*end rant*
User avatar #421 to #419 - kanadetenshi ONLINE (02/13/2014) [-]
Also literally no good public school teaches evolution this way, they would especially not make such huge errors like saying humans are monkeys when they are clearly apes. Your school just explains evolution very poorly, that doesn't mean the education system is flawed, it means your teacher is.
User avatar #423 to #421 - ianchrist (02/13/2014) [-]
I'm just going to leave this here (believe it if you will): my county is the 10th richest in the US and my highschool is in the top 100 in my state.

I must assume that poorer schools, or schools in the mid-west/south would teach evolution worse than my school did.
User avatar #425 to #423 - kanadetenshi ONLINE (02/13/2014) [-]
Teaching has absolutely nothing to do with the quality of the school, it has to do with the quality of the teacher. And there are many intelligent teachers in poor schools who do properly teach evolution.

Furthermore the way evolution is taught in schools isn't defined by your anecdotes, it's defined by the actual biology textbooks, so i dare you to find me a certified biology textbook made by experts that actually made this chopstick fruitloops analogy.
User avatar #420 to #419 - kanadetenshi ONLINE (02/13/2014) [-]
That's not incorrect, it's just poorly explained.

The teacher uses chopsticks and forks as a metaphor of two species with the chopsticks being the ones that where more suited to the enviroment thus increasing the chance of the chopsticks surviving.

A better illustration would be with real animals, imagine you had a species of fish that could only eat a particular kind of food (let's use purple and yellow food for easy explanation), this species of fish can only eat purple food, but one day a genetic mutation happened in one of the fish that allowed him to also eat yellow food, this fish reproduces creating other fish with this mutation. Now there are two population of fish, one that only eats purple food and one that eats both, now if purple food where to become scarce it means that the ones eating only purple food have a low chance of survival and reproduce, meaning that the ones eating yellow food are more likely to survive, hence the fish now eating both evolved from the fish eating only purple food.

Food doesn't just go away the second the mutation appeared, he just used that as an example of the possibility that can happen in the process of natural selection.

Evolution is not just a concept, evolution is described as the change in the heritable traits of populations within generations, this happens and we can observe it, if there's enough heritable changes within the genes these will stack up gradually and eventually you will have over many generations an animal that is genetically so different that it can't interbreed with their ancestors or not even look like them anymore, that's when we label it a new species.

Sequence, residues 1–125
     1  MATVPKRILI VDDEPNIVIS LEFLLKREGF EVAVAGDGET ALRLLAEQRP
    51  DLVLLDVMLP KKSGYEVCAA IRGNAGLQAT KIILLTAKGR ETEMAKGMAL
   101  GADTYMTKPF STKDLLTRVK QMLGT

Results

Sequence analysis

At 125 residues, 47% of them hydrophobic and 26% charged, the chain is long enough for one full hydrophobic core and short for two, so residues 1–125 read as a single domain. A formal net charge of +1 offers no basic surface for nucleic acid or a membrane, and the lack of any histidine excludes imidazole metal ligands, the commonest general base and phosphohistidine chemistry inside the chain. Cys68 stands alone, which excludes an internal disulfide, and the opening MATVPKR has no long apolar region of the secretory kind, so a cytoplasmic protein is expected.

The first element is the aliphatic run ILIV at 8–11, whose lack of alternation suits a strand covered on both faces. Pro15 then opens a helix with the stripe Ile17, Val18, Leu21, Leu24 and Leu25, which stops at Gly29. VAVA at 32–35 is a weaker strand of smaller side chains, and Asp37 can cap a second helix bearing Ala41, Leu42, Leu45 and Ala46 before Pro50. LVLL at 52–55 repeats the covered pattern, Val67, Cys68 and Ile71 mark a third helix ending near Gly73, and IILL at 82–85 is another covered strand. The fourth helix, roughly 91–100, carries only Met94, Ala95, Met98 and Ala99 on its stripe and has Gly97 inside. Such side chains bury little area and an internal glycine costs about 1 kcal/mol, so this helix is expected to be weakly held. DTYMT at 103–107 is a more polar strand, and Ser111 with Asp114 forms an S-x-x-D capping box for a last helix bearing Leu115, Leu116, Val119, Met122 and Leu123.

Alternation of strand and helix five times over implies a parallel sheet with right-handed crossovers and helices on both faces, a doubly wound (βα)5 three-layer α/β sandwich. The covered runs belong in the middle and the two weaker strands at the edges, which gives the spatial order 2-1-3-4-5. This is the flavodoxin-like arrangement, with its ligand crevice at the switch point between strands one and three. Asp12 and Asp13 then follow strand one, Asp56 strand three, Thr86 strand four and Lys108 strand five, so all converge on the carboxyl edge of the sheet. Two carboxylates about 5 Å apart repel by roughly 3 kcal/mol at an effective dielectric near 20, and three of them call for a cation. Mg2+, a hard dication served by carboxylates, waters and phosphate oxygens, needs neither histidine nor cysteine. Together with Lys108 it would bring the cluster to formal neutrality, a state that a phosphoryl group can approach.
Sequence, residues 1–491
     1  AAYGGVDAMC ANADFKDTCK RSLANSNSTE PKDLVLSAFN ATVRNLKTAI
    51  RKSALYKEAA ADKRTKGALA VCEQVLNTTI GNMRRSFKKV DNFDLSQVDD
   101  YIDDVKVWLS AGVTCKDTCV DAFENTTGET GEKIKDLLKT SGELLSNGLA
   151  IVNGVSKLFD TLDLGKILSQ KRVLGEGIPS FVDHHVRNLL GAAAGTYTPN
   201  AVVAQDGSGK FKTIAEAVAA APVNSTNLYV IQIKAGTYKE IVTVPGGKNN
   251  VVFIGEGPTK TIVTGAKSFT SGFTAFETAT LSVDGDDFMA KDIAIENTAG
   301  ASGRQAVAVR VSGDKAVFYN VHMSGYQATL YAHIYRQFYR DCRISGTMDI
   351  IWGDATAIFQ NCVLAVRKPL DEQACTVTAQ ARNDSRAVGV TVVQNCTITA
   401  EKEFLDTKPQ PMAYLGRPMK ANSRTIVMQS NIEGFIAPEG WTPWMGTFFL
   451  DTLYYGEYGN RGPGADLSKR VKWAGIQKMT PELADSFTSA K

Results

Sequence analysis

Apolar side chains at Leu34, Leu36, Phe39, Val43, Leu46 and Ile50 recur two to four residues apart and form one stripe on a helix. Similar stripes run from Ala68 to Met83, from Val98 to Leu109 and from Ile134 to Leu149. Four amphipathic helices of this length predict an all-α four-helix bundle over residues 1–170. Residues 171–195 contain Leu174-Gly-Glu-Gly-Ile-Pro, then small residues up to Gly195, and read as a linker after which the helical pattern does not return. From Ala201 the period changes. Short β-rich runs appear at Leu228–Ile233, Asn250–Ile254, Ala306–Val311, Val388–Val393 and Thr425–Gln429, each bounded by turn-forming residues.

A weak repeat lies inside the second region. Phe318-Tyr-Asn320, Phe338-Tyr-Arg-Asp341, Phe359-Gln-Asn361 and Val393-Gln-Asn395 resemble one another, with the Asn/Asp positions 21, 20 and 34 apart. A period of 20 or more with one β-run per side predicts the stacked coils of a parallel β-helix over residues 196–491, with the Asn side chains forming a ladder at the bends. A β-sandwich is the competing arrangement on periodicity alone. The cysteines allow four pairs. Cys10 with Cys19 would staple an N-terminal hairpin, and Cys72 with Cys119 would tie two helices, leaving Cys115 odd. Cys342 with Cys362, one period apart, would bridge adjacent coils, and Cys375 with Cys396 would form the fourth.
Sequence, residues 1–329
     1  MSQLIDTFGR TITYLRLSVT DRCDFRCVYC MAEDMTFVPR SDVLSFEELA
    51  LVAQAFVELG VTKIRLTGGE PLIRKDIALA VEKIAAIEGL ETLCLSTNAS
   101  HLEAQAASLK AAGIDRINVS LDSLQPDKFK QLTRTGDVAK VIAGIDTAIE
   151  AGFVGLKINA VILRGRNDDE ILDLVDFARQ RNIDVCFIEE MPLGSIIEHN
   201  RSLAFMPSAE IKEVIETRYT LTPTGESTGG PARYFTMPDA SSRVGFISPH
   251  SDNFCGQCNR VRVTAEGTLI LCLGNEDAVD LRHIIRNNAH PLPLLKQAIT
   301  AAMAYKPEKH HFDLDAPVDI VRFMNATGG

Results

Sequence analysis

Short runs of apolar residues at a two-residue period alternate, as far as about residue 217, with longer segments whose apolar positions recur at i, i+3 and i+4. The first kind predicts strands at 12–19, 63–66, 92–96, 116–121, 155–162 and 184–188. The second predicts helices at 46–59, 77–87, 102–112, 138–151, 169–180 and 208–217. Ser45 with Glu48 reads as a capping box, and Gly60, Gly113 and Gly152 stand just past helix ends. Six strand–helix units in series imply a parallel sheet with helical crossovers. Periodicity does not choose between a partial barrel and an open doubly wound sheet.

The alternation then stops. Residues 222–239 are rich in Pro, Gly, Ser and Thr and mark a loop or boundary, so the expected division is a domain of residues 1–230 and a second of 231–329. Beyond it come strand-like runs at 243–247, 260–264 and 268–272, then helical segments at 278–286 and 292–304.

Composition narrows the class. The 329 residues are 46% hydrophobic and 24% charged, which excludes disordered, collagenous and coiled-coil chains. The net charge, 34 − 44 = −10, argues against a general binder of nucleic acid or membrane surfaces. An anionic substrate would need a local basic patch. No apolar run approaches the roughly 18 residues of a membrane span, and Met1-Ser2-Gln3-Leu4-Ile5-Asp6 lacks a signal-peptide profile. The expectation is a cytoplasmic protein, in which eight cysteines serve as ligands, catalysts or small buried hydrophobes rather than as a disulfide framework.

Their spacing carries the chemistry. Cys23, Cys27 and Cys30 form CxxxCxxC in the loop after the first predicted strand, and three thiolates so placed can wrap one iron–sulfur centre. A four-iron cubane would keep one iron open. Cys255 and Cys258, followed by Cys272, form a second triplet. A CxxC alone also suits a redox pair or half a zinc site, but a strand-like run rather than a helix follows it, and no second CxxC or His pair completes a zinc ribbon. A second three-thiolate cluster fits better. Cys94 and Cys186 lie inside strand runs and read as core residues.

And contrary to what you think, species have turned into other species. The definition of a species is any animal that can reproduce fertile offspring, many ring-species can be found in nature that have evolved over time and can't reproduce with eachother anymore while they where the same animal 20-30 years ago.
User avatar #422 to #420 - ianchrist (02/13/2014) [-]
the point is that believing the .000000000001% chance that the chopstick would be born at the moment that the forks have to start eating fruitloops takes faith.

I never said that was how it worked. I said that was how it was explained to me in public school, which is what the entire ham-nye debate was about. Ham said "evolution takes faith, lets teach creation" nye said "no it doesn't shut yo mouth fool".
The reason that creationism is such a "popular' idea is that evolution, as taught in schools, makes no sense, thus ham had a point.

User avatar #424 to #422 - kanadetenshi ONLINE (02/13/2014) [-]
It's never implied that animals would be born at the same time food became scarce, he could've easily meant that the food became scarce a couple of generations after they where born. The point is that animals with specific genetic traits respond to their enviroment and the ones that suit the enviroment and are more likely to reproduce will pass on their genes and eventually evolve.

Evolution doesn't take faith just like gravity doesn't, because these are established facts backed up with mountains of evidence. Just because YOUR teacher happened to explain evolution poorly which he didn't even did by the book doesn't mean that the modern darwinian synthesis shouldn't be taught as fact at school.
#217 to #140 - cronois (02/10/2014) [-]
I brought this same argument up before with a teacher citing the earth being flat, the earth being the center of the universe and continental drift becoming plate tectonics. Any opposing idea at the time was ridiculed by the scientific community at the time and written off cause an opposing argument was regarded as fact only to then itself be regarded as fact centuries later. In no part of the scientific method is "fact" involved, but that's the problem with the education system they tell children what to think, not teach them how to think.
#194 to #140 - xxxsonic fanxxx (02/10/2014) [-]
why does it take any faith to believe in evolution? that like saying it takes faith to believe gravity exists. We haven't observed animals changing into other animals but we have over whelming evidence that it happened, the same with the age of the earth.
User avatar #338 to #194 - ianchrist (02/11/2014) [-]
its mainly because it has to do with the origin of humans. Gravity, pfft, who cares, but how man came to be, what makes us who we are, free will, etc, are all touchy subjects. Thus they should be taught as philosophical questions, not "Facts" as my school did for me
User avatar #179 to #140 - wthree (02/10/2014) [-]
You personally have never been to the moon, but you till accept it's existence.